In contrast to the sharp tenor of the race in its final weeks, Congress Member Jerry Nadler showed humility while celebrating his landslide win in the all-Manhattan 12th District race, praising Carolyn Maloney, his House ally and colleague of more than 30 years, and insurgent candidate Suraj Patel.
“I’m so proud of tonight’s victory and I’m thrilled that we were able to win while remaining committed to our principles of kindness and progressivism,” Nadler said in his victory speech.
With 99% of scanners counted, Nadler held a 30-point lead over Maloney, according to the New York City Board of Elections. Patel came in third, five points behind Maloney.
After a convoluted redistricting process put Maloney and Nadler in the very same district, the two stalwart Manhattan incumbents engaged in a contest that grew especially acrimonious in the final weeks.
Maloney, who started off the race polling at the top in a May Emerson poll, became a target for Patel in a series of feisty debate performances, and made headlines with a blunt statement that she didn’t believe President Biden was running for re-election, which became seen as a gaffe. In the campaign’s final days, Maloney called Nadler “senile” on NY1.
Nadler’s lead prompted the race to be one of the first contests of the night to be called. Supporters, ranging from the fresh-faced volunteers to wheelchair-bound seniors at the West Side election party venue, Cafe Arte, burst into applause as TV chyron announced Nadler’s projected win.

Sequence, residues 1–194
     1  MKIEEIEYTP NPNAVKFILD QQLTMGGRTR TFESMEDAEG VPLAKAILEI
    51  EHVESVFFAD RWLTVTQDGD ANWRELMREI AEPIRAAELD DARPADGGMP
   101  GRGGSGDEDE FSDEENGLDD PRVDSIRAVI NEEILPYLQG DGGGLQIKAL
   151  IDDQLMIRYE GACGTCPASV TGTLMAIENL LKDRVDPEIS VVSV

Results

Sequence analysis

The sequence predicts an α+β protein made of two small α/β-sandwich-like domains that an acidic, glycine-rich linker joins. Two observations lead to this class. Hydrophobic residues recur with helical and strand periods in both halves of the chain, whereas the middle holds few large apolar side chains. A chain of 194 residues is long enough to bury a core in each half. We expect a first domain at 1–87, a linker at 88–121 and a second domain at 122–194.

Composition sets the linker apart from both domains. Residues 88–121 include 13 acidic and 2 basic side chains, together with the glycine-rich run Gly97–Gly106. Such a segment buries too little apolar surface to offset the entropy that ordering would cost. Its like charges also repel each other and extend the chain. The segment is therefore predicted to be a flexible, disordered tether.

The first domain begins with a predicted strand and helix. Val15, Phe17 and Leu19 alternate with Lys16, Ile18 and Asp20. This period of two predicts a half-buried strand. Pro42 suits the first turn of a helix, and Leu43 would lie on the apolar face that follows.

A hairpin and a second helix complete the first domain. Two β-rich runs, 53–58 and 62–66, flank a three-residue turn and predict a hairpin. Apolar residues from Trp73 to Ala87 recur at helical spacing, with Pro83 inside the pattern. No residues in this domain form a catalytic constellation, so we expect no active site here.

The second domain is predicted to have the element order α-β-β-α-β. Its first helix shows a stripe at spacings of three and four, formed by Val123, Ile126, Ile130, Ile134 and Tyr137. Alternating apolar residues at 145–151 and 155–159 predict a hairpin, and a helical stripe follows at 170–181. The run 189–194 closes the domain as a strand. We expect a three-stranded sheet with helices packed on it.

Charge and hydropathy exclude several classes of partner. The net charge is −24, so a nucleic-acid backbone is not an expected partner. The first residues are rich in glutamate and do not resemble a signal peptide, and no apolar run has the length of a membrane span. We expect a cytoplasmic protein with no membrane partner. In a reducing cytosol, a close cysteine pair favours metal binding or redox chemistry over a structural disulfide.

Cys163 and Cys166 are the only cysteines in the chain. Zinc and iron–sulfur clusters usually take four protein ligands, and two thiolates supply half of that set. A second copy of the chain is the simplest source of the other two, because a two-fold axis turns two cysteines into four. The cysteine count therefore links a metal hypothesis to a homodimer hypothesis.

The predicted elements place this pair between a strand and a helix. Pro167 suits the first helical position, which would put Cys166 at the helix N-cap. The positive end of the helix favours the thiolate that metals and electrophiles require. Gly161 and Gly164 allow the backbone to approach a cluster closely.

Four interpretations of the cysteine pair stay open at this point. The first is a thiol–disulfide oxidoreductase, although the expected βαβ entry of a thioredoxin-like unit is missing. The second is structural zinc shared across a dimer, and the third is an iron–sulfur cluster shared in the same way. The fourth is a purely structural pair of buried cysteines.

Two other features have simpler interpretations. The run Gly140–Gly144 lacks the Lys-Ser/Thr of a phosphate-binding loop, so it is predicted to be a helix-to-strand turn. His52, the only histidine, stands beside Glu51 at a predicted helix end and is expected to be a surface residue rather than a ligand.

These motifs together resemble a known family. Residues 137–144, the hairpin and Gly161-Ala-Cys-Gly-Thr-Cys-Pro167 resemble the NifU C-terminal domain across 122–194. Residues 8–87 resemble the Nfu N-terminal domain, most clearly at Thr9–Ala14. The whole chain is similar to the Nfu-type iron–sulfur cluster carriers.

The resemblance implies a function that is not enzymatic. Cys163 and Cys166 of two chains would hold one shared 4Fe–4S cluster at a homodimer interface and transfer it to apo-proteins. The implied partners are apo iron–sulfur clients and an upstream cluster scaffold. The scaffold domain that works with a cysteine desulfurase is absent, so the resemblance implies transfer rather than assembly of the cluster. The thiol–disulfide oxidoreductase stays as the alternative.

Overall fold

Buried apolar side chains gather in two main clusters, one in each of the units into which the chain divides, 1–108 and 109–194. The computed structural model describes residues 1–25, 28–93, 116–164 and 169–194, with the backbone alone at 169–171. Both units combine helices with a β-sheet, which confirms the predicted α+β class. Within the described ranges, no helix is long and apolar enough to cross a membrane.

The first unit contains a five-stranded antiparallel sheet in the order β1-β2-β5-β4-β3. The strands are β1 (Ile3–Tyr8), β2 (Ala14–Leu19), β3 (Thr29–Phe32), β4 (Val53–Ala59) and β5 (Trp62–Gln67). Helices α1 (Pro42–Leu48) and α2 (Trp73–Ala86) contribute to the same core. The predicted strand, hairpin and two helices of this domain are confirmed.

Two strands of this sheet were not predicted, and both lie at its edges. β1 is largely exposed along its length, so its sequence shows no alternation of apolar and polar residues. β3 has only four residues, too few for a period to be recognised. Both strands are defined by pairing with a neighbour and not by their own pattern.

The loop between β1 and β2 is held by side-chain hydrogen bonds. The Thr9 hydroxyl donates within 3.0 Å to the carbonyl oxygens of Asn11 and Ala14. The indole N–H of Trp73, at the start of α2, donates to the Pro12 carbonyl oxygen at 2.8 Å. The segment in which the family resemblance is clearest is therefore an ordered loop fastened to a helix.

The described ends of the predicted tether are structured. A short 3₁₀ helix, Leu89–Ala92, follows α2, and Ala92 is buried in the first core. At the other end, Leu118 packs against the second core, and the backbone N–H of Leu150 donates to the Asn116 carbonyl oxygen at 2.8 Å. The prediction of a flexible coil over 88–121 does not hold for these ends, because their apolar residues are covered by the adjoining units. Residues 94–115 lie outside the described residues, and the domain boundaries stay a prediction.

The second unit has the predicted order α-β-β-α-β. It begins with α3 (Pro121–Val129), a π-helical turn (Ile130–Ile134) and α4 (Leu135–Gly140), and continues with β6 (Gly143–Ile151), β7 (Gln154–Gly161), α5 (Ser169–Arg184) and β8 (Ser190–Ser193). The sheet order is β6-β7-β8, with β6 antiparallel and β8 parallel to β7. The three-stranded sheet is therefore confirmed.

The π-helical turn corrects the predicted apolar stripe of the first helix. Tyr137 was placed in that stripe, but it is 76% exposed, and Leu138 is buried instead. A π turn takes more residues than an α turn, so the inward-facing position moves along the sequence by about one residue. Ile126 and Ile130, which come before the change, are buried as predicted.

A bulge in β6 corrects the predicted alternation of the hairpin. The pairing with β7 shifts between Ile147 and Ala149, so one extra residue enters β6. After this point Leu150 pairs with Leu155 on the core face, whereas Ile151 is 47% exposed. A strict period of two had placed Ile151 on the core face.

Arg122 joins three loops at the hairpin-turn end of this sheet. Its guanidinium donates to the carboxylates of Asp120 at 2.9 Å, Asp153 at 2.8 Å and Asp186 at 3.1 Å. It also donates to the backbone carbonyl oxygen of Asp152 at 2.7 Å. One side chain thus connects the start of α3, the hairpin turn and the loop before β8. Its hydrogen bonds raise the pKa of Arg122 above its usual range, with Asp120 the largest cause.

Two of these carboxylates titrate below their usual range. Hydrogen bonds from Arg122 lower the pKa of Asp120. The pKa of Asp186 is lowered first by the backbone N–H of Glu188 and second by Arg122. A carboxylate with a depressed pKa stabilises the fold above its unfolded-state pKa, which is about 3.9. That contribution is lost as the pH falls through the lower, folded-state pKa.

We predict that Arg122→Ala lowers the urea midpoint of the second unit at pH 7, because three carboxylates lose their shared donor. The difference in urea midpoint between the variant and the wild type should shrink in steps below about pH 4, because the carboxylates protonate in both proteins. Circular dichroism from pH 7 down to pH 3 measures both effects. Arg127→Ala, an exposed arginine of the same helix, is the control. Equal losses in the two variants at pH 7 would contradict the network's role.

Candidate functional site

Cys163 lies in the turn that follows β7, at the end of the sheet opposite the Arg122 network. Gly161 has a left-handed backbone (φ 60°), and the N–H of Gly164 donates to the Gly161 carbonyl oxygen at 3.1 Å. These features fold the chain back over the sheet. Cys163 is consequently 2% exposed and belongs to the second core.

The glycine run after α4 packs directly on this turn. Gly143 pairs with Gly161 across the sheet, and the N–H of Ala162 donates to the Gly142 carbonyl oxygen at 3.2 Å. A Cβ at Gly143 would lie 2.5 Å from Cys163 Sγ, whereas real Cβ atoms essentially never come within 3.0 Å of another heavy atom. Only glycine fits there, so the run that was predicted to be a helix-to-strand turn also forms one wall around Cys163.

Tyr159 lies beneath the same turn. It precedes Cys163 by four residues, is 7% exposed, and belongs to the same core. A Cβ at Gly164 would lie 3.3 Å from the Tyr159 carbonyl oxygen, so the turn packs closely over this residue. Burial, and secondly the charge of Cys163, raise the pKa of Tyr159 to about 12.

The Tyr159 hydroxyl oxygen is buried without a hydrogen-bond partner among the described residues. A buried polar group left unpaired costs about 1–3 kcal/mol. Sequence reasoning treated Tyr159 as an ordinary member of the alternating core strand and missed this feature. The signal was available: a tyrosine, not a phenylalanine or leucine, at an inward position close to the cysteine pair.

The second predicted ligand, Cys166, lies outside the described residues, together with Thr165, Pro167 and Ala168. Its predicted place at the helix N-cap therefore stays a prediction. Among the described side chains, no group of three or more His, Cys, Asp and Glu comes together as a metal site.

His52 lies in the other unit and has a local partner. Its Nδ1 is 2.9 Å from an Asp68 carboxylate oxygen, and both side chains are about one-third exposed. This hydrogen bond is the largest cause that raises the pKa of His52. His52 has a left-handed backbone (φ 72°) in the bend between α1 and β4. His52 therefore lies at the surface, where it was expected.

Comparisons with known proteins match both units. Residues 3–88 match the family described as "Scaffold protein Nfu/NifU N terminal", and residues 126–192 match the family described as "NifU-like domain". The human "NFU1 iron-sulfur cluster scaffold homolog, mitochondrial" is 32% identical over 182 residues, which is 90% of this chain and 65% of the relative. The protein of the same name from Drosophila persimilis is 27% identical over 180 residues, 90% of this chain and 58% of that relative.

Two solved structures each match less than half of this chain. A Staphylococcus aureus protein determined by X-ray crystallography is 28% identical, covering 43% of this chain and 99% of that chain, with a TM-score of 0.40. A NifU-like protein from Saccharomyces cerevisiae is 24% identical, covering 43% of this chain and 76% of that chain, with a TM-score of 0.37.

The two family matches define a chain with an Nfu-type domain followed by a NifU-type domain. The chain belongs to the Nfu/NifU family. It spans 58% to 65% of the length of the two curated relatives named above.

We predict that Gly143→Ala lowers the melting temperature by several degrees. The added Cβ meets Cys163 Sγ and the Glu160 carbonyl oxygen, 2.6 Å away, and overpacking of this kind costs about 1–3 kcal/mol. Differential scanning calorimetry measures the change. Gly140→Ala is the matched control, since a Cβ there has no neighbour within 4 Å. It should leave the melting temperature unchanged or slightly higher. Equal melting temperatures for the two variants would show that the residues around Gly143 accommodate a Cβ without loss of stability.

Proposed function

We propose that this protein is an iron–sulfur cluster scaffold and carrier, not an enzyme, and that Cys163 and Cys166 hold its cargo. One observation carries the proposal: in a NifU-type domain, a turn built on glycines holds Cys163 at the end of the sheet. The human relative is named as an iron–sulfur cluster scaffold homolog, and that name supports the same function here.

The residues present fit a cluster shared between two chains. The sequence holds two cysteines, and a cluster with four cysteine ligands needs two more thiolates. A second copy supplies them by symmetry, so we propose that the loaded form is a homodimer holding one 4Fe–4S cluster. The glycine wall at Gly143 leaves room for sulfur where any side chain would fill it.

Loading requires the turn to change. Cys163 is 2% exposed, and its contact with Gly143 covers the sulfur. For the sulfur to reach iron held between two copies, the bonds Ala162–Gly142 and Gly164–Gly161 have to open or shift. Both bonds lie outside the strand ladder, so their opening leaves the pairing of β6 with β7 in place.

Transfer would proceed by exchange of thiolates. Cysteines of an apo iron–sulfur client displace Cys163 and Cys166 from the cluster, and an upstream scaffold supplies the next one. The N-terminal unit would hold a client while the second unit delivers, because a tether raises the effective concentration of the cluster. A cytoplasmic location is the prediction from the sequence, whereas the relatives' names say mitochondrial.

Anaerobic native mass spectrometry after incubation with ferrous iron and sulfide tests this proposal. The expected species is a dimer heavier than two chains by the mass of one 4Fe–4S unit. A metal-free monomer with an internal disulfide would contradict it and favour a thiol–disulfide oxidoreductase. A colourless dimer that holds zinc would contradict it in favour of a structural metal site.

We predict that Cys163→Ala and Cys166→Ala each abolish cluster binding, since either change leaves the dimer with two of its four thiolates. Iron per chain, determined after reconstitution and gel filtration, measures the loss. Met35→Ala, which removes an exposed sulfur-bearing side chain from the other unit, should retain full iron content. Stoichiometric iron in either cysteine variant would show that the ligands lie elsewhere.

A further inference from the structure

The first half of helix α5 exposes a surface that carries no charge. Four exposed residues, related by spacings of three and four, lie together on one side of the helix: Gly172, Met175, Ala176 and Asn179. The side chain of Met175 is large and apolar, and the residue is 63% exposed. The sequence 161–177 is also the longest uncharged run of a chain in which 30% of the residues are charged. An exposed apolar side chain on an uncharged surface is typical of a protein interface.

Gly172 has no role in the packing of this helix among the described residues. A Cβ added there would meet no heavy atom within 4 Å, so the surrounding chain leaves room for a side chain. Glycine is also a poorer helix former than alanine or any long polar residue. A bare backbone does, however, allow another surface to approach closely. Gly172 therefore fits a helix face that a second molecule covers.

In his victory speech, Nadler said that he would return to Congress with a mandate to fight for a list of rights that the Supreme Court’s conservative majority had recently overruled.
“New Yorkers will stand up and fight for unpacking our Supreme Court. We’re going to end the scourge of gun violence in America because we’re going to stand up and fight. We’re going to restore abortion access across our entire nation,” Nadler said.
After thanking his campaign staff and his family, Nadler lumbered around the restaurant with a restrained smile, greeting government colleagues and supporters with his wife.
Asked how he felt, he said, “You win a landslide victory, of course you feel great!”
He was joined by a group of left-liberal Democrats, including City Comptroller Brad Lander, former City Councilmember and mayoral candidates Ruth Messinger, Councilmember Eric Bottcher and state Senator Brad Hoylman.
“At one level, there’s like an east side versus west side dynamic. On the other hand, there’s like a ‘Let’s leave American democracy dynamic,’ which is much bigger,” said Lander of his support for Nadler over Maloney..
Bottcher, whose district overlaps with Nadler’s and who had previously worked in the Council under former Speaker Corey Johnson, cited his involvement in local projects as his reason for endorsing the Congressman. Nadler had help secure funding for district NYCHA developments and the Stonewall Inn and adjacent park to into a National Monument, he said.
“That wouldn’t have happened without Jerry Nadler.”
Though Nadler was gracious, Maloney’s attacks in the last stretch had rankled some of his supporters. Former City Comptroller Scott Stringer, who was at the election party, found himself entangled in a rumor that Nadler planned to step down and boost Stringer for the seat. Nadler has since stated his intention to run again in 2024.
“[Nadler] got what he deserved. They rejected the politics of and hate and smear. They came after Jerry, and they came after me,” Stringer said.
Nadler, however, did not acknowledge the discord in speech. Instead, he ended it by addressing the overwhelming challenges facing the country.
“I know that when confronted with fights, as massive as those that lie before us, it can feel impossible to do anything but surrender. But here is the thing. I’m a New Yorker,” Nadler said. “And we New Yorkers just don’t know how to surrender.”